Two intrepid librarians

Two intrepid librarians review the best nonfiction books for children

Monday, December 2, 2019

1919: the Year that Changed America by Martin W. Sandler

1919: the Year that Changed America
Martin W. Sandler
Bloomsbury. 2019
Grades 6 - 12
2019 National Book Award Winner for Young People's Literature

Award-winning author, Sandler, gives an overview of the year, 1919, by examining how pinnacle moments and “their underlying social movements set the stage for the next hundred years of momentum and setbacks.”

The six topics examined over six chapters include, An Amazing Event: The Great Molasses Flood; Women Get The Vote: the passing of the Nineteenth Amendment giving women the right to vote; The Red Summer: the escalation of violence against African Americans; The Red Scare: the fear of communism spreading to the US; Strikes and More Strikes; A Noble Experiment: prohibition.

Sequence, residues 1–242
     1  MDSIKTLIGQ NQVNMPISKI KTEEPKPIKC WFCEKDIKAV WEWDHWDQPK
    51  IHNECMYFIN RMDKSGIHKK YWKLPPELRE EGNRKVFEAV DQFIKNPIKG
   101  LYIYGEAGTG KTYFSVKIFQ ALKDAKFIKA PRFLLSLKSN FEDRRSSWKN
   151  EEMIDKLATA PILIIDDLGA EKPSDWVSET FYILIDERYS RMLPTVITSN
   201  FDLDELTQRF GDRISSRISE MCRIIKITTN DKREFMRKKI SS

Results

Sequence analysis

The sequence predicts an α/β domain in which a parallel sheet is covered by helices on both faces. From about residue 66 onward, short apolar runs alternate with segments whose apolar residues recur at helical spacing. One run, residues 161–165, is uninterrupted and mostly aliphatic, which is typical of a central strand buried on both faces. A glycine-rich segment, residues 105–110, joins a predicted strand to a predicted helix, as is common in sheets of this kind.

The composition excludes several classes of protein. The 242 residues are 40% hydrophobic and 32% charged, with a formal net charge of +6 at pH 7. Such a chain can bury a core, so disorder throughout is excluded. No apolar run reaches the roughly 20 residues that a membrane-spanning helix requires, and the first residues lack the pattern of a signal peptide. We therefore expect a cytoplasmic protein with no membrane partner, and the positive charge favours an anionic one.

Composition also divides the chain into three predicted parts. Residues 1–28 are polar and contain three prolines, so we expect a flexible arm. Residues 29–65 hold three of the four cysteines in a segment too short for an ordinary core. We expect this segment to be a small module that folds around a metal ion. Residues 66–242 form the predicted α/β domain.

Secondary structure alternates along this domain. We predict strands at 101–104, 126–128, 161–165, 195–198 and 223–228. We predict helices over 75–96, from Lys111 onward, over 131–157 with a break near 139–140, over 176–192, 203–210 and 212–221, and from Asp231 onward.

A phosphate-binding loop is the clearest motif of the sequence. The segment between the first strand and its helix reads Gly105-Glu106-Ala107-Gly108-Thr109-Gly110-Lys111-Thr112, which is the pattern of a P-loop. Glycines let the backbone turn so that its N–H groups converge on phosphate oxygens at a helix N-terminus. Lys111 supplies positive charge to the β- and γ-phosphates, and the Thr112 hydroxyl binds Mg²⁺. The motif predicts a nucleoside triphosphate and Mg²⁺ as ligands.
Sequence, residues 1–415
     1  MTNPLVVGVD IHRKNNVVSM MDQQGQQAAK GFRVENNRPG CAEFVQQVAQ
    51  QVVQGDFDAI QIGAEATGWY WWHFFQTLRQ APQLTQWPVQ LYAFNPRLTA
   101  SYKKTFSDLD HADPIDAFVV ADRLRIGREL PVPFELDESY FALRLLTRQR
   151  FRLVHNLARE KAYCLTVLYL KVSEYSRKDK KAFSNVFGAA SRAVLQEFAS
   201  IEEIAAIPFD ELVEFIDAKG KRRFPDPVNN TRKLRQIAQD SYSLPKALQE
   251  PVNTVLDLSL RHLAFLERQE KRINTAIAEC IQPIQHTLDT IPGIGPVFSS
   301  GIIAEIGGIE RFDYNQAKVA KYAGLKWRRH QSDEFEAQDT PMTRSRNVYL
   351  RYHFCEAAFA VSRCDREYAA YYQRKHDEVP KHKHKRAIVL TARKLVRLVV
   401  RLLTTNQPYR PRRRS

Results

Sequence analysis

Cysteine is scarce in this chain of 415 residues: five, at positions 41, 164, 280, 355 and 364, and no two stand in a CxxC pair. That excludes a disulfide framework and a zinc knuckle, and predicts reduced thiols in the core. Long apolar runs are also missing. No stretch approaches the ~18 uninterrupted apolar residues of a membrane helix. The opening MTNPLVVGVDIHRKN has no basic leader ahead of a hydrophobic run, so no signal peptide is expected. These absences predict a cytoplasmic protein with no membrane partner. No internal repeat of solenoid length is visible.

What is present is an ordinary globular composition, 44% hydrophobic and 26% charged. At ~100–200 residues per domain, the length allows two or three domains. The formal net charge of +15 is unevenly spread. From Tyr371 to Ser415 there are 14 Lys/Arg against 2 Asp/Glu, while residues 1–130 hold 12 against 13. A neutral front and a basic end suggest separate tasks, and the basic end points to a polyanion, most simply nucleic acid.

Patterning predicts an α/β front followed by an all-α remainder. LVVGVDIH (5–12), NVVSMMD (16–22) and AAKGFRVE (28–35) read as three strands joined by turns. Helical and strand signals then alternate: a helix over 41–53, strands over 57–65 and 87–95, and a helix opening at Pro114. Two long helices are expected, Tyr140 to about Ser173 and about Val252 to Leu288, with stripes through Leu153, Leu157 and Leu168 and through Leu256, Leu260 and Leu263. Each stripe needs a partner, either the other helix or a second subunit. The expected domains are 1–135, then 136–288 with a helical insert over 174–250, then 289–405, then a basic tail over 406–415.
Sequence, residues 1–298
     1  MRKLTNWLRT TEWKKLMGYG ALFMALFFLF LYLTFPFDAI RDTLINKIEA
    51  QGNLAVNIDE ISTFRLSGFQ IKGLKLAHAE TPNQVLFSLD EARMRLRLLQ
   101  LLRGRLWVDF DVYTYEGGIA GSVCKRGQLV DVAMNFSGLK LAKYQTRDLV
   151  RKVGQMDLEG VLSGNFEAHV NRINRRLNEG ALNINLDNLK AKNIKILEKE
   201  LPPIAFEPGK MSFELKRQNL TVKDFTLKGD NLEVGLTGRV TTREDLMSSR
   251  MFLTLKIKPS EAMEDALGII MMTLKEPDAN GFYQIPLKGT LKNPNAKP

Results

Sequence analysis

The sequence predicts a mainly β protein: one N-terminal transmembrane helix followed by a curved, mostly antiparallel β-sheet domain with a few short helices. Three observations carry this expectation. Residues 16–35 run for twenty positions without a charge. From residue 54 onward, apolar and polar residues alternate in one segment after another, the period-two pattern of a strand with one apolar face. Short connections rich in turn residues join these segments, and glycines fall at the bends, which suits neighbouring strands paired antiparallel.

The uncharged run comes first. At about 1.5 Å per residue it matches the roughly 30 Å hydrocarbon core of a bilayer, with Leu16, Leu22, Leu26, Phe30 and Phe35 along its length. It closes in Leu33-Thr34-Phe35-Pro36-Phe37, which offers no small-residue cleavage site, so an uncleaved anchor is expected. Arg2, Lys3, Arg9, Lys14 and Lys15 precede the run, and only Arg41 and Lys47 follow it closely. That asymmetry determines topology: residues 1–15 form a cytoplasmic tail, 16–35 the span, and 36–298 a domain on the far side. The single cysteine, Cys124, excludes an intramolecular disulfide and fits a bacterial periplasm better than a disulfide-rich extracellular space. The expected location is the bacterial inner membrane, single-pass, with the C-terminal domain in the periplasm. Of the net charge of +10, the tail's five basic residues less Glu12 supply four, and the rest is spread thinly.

Sandler conveys just how each event built upon the next and expertly weaves into the narrative the social impact and how we are still feeling the effects today.

The book includes lots of black & white archival photos, and side bars with more details. At the end of each chapter is a timeline of events or acts and how they have had an impact on the topics before and after 1919. 

Back matter includes further reading and websites, source notes, index.

Each chapter is absorbing. I found the chapter, Strikes and More Strikes eye-opening. As workers went on strike seeking a living wage and safe working conditions, newspapers spread lies and discontent (fake news). One hundred years later, we have seen a tremendous growth and prosperity in manufacturing. Yet, “Much of the growth came at the expense of the workers, who were victimized by greedy owners much more interested in profits than the welfare of the labor force.” We also are witness to the decline of jobs and more and more manufacturers replace human workers with robots and other forms of automation. 

An engrossing read for history lovers.

To review this book, I borrowed a copy from my local public library

1 comment:

  1. This has been on my to-read list for some time now. Must move it up!!